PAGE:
Very so often random browsing of the internet and youtubing is a fairly useless occupation, yielding an hour's entertainment perhaps but very little of enduring quality. But today I've hit upon a sublime album called Tranquility by L Subramaniam. Five ragas, all creations of the master violinist himself.
On Wynk Music, if you have access to it: https://www.wynk.in/music/album/Tranquility---Dr-L-Subramaniam---Violin/si_9206
I am not blown away but rather, wafted away on calm, scented breezes.
My life tends to alternate between intense activity and luxurious nothingness. I enjoy both immensely.
After a whirlwind three months during which I went on the Rally for Rivers, went off on a birding trip to Africa, came back to get the house painted and overhauled, we are now in the easy phase. And I’m taking the time to catch up on a K-drama I’ve put away to savour at just such a time as this.
The Descendants of the Sun is everything they said it would be. Of course, with a mere 16 episodes, it will be consumed in one satisfying three-day binge. Bingewatchers believe that sleep is for the weak, and so it seems – the next episode at 3.00 in the morning, or a few hours of shuteye... it is so easy to hit ‘play’. However, this time, I’m determined to stretch it out. So an epi at a time... breaks in between, and I haven’t subsisted on sandwiches and bananas, or left my father to procure his meals from the local curry point. But still seven episodes have zoomed by and I would be there right now, avidly drinking in the eighth but there’s a power cut and this blog gets an emergency update.
Part of the frenetic time we've been having is because we got our house painted, while, of course, living in it. That sounds like a pain, and it was. We shifted everything out from one room into the next, and then back again, trying to fit everything back into barely dry cupboards, and trying at the same time to cull and limit what went back into those dark caverns.
Some decisions were easy. Some stuff from the attics that we had only seen the last time we painted the house - clearly they had to go. So we threw away, gave away, sold away masses of things - old tables, vessels, a cooker, steel cylinders, dubious ceiling fans, a couple of metal trunks... paring down to strictly what is needed.
People who need to shift homes occasionally have it easier - there is only so much you can carry and you tend to focus on the essentials. But when you live in the same house as we've done for close to four decades, you don't even realise how much stuff you gather, even if it's only bags that will someday be "useful".
We're still cleaning up but there's light at the end of the tunnel -- and a lighter house at the end of it.
एक लम्हे में सिमट आया है सदियों का सफर
ज़िन्दगी तेज़ बोहत तेज़ चली हो जैसे
That is how it feels. Life is whizzing past - a new thing every day, every week, every fortnight... a month seems like an age for all the stuff that has happened through it. The themes change. Colours, drapes, scenery... entire concepts. The complexion of each phase is different, the focus varies... and I am trying through it all to stay on an even keel... not rising and dipping with the ebb and flow of events.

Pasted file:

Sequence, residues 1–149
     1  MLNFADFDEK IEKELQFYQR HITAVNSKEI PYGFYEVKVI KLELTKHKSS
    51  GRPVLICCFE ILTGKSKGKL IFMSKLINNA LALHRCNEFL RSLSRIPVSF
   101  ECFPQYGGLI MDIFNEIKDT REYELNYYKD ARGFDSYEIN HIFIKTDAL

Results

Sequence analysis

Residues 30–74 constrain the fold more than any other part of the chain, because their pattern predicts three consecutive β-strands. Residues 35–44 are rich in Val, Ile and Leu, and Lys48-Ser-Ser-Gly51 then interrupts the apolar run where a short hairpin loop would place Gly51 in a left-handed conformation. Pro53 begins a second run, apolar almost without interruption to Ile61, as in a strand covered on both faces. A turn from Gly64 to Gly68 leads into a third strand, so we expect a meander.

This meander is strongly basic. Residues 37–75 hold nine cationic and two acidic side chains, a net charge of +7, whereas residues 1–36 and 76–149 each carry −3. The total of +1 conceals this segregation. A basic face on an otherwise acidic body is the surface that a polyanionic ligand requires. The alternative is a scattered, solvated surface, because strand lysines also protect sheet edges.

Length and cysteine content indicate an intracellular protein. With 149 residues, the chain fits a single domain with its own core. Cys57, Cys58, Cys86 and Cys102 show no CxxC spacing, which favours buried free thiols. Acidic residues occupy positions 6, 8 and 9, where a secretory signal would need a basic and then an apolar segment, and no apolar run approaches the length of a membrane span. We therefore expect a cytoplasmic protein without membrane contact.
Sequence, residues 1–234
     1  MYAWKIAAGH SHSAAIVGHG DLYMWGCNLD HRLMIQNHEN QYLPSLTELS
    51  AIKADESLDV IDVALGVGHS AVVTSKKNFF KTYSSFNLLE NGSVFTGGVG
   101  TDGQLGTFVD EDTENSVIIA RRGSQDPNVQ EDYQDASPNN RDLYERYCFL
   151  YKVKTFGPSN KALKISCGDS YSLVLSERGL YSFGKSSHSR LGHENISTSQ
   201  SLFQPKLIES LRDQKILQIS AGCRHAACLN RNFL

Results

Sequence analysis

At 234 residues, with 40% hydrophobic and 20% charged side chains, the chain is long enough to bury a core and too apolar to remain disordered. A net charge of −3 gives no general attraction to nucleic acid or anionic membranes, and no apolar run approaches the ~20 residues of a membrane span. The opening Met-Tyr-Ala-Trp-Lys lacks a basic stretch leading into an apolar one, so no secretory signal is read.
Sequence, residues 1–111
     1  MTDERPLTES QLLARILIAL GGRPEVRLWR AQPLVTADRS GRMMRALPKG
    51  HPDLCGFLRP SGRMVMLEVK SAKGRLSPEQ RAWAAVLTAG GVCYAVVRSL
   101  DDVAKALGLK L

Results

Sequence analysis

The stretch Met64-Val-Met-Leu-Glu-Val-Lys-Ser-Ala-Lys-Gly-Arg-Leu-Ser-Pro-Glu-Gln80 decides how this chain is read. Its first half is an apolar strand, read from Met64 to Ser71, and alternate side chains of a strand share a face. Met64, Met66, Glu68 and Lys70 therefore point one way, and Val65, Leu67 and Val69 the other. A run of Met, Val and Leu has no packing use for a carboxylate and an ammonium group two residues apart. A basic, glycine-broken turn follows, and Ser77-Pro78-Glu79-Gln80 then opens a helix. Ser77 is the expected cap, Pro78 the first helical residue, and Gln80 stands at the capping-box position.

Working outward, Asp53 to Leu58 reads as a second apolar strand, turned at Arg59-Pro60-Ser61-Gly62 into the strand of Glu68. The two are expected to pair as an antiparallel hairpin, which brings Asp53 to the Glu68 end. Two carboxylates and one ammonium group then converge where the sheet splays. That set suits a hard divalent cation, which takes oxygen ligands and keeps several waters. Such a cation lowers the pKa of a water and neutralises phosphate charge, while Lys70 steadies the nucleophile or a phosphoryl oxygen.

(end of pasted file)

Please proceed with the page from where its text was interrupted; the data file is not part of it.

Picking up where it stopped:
It becomes somewhat easy to discern in such a state that things happen, that they come and go as I stay constant.
बाज़ीचा-ए-अत्फाल है दुनिया मेरे आगे
होता है शब-ओ-रोज़ तमाशा मेरे आगे
Now listening to a superb Vrindavani Sarang by Pt Venkatesh Kumar, and it's lulling me into something approaching rest.
For otherwise, this last month has gone leaving me running very fast and gasping for breath. I was on the Rally for Rivers for a couple of weeks and even after I got off, I was so much with the convoy in spirit, there was an uncomfortable feeling of still being in movement... coupled with the even more disconcerting conviction that 'real life' was happening elsewhere. That's new because usually for me, where I am is where the universe is centered.
But the Rally has been accomplished, well-accomplished. A good start and it seems we'll be able to bring back our rivers after all into their former mighty glory.
Ever since my Sadhguru announced that he would be undertaking a massive nation wide rally to save our rivers, I have been wanting to go with. Rivers, travel along the length of my sacred land and my Master's presence... could you imagine a more appealing prospect?
It seemed difficult but when he wishes it, difficulties fall away.
I'm about to join the rally in Coimbatore. It's going to be crazy. And crazy-fun!
I’ve said before how much I like to spend a little time here, at the foothills of the scenic Velliangiri in the windy season. I’m lucky to be summoned here again and what a glorious time it is!
We’ve not had too much rain in these parts the past couple of years. The green hills had been showing brown and farmers were worried. But we’ve made a promising start this time. A couple of days of howling winds, gray days with intermittent drizzle and perpetually misted hilltops... the slopes are slowly turning emerald. Straight from my balcony, at about four or maybe five kilometres as the crow flies, is a hill stream and waterfall. It had slowed to a trickle but now it has turned frothy white again. Occasionally, when the wind dies down, you can hear the water thunder down onto the rocks below. The stream that flows through the ashram is swelling.
The gales howled so much the other day, I became a little fraught. Door hinges strained to hold their own and the walls felt constantly under siege. How long could mere brick and mortar hold out against such purpose? If not today, or this week, but sometime, something would give! I leaned out of the window to feel the wind on my face and found that the peacocks in the valley were having a wind bath too. They each had taken fence to perch on, and they sat all braced and hunched up, enjoying the drama of the gusts.